favorite thing

Paul has been tinkling in the potty pretty reliably the last few days. The look of sheer delight and pride that blooms across his face when “it’s comin’ out!” — is my favorite thing in the world right now.

a day in your life

To Paul: this is how you spent the day you turned 2 and a half years old.

We meet first at about 12:20am. You have been moaning plaintively, like a morose Victorian heroine, or a line-drawn Edward Gorey character, and I’ve barged into the room to ask you what the problem is. You seem surprised to see me, which means I certainly should have stayed away. After a hug, you settle right down and go back to sleep. A few more outbursts ensue throughout the night, but you recover on your own.

Seven hours later, you burst out of your room the moment the magic light turns green, crowing to me in amazement. We’ve had this clock for over a month, and it still makes you more excited than Christmas morning. You are concerned that Annie will switch off the beloved green light and hover protectively around the clock until you decide you’d rather end it yourself than live with the risk that she will do it.

You look at me in surprise: “I’m tinkling right now!!” you announce. “I have a LOT of tinkle! I should go potty!” We unburden you of your warm, heavy diaper, and you sit on the potty, for practice. You’ve done this only a half-dozen times at home, but plenty at school, and Ms. Bertha told me the story just yesterday of your first actually-peeing-on-the-potty achievement at the end of last week. You’re on your way, kiddo!

We put on jeans and boots, obtain a gentleman’s C in hand-washing and tooth-brushing, and you check all the boxes on your list. We head downstairs. You serve yourself big scoops of strawberries and pears, and a bit of oatmeal on the side. After some running around and one minor tantrum at not getting to press the button on the toaster oven, we head out the door. You and Annie are jazzed to help roll out the trash bins, and actually manage to get them halfway up the driveway yourselves.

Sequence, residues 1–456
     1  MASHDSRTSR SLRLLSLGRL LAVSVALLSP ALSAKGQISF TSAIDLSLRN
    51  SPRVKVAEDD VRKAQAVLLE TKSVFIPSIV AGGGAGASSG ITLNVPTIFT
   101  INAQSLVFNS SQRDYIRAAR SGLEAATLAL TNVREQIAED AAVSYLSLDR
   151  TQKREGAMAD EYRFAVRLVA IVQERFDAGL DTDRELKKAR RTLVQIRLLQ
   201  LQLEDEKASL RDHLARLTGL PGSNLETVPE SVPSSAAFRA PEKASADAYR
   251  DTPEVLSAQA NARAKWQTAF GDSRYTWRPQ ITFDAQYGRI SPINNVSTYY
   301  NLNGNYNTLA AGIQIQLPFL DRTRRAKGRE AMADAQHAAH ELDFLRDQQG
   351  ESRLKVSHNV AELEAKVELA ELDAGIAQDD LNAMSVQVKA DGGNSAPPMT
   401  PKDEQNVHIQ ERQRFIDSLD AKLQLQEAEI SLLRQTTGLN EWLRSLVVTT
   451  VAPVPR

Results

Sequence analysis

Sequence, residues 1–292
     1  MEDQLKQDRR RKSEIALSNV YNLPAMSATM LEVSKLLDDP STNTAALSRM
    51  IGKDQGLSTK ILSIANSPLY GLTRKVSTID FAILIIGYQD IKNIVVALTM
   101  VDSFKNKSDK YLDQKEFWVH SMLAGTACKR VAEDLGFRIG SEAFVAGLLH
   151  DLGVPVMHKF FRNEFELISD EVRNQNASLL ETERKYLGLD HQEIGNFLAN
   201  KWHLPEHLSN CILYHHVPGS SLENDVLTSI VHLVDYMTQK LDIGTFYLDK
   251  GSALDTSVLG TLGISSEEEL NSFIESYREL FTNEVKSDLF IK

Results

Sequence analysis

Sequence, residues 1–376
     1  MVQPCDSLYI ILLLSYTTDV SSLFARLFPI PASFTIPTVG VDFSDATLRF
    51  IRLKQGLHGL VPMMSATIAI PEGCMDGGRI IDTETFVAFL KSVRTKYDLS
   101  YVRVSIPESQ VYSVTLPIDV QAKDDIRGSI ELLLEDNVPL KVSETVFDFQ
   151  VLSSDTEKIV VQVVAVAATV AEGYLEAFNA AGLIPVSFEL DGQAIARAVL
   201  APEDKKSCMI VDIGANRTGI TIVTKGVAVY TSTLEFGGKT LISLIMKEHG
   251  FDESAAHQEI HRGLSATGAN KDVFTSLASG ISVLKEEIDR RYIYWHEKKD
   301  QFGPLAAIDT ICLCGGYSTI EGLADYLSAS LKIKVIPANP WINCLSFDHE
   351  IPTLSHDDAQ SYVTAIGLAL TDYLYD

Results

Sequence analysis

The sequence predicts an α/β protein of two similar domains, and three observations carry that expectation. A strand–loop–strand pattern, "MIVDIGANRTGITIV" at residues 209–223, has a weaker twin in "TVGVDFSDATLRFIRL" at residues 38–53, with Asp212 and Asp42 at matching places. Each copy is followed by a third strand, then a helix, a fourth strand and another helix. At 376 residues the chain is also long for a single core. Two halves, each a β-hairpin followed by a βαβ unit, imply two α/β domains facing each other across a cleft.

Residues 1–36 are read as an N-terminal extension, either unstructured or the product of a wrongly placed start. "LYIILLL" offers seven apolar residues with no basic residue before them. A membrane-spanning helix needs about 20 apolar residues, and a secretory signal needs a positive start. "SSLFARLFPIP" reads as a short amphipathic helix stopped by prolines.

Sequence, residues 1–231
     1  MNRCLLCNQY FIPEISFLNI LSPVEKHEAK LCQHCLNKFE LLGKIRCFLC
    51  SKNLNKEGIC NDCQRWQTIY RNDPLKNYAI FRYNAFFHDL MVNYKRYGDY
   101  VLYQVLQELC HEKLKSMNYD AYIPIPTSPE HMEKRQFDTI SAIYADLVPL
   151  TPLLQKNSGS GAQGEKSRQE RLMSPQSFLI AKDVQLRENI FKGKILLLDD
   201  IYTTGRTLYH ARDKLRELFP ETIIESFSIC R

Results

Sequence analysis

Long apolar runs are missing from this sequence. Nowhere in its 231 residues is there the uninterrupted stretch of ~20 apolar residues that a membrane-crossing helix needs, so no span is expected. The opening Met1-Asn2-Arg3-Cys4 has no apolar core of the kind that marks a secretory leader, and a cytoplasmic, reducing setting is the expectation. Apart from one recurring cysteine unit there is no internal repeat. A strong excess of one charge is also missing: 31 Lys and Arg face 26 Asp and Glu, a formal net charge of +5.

This is genuinely helpful.
This is genuinely helpful.
Your boots, you tell me, are good for "kicking dirt."
Your boots, you tell me, are good for “kicking dirt.”

We buckle into the carseats and decide on the Moana soundtrack to take us to school. I clarify plot points all the way there. We hold hands to cross the street, and you run down the hallway to your class, landing definitively in the entryway, stance wide and ready for action.


With a hug for Annie and two kisses for me, you head to the table for applesauce, and go on to a day of Panda-ing. Ms. Natalie makes a volcano for you. You eat, play, and nap.

At 4:30, Shanna picks you up. You get loaded into the car and then make a detour back into school so Annie can pee. On the drive, Shanna notices that our taco truck has moved; you tell her it’s because the wind was blowing the tacos away.

You eat tortellini for dinner and play with water bottles from the cabinet. The Roomba comes up, and you reminisce about “Mr. Roomba”—i.e. the Craigslist buyer—coming to take it away. “I’m really sad,” you tell her. I cannot believe this is true. But I also can’t believe you remember this mundane event from more than a month ago, so who’s to say?

Bath- and bed-time arrives, and you do your usual thing. Night night, Mr. Paul.

a day in your life

To Annie: This is how you spent the day you turned 3 years and 10 months old.

Paul pops out of bed at 7:05 to announce that your wake-up clock has turned green, and Dad offers you his back to ride to the bathroom to begin your morning routine. You have refused to be enticed by the checklist, but we do insist on all the steps, and Dad helps you through them without major drama.